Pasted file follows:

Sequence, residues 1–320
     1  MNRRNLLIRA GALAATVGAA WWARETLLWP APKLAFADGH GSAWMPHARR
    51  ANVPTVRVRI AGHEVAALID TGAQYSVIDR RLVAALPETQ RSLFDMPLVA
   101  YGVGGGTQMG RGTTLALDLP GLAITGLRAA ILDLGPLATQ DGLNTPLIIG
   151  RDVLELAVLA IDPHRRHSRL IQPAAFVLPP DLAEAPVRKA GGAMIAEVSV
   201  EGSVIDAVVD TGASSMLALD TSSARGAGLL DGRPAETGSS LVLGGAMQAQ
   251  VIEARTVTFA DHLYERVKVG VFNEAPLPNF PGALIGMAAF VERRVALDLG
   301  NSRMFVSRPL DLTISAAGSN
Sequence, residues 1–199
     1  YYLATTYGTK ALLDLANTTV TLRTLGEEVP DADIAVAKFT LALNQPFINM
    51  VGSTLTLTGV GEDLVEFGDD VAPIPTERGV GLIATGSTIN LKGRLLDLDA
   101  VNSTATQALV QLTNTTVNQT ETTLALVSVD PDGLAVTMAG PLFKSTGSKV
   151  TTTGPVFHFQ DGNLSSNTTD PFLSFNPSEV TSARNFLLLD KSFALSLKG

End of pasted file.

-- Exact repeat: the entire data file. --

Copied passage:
Sequence, residues 1–320
     1  MNRRNLLIRA GALAATVGAA WWARETLLWP APKLAFADGH GSAWMPHARR
    51  ANVPTVRVRI AGHEVAALID TGAQYSVIDR RLVAALPETQ RSLFDMPLVA
   101  YGVGGGTQMG RGTTLALDLP GLAITGLRAA ILDLGPLATQ DGLNTPLIIG
   151  RDVLELAVLA IDPHRRHSRL IQPAAFVLPP DLAEAPVRKA GGAMIAEVSV
   201  EGSVIDAVVD TGASSMLALD TSSARGAGLL DGRPAETGSS LVLGGAMQAQ
   251  VIEARTVTFA DHLYERVKVG VFNEAPLPNF PGALIGMAAF VERRVALDLG
   301  NSRMFVSRPL DLTISAAGSN
Sequence, residues 1–199
     1  YYLATTYGTK ALLDLANTTV TLRTLGEEVP DADIAVAKFT LALNQPFINM
    51  VGSTLTLTGV GEDLVEFGDD VAPIPTERGV GLIATGSTIN LKGRLLDLDA
   101  VNSTATQALV QLTNTTVNQT ETTLALVSVD PDGLAVTMAG PLFKSTGSKV
   151  TTTGPVFHFQ DGNLSSNTTD PFLSFNPSEV TSARNFLLLD KSFALSLKG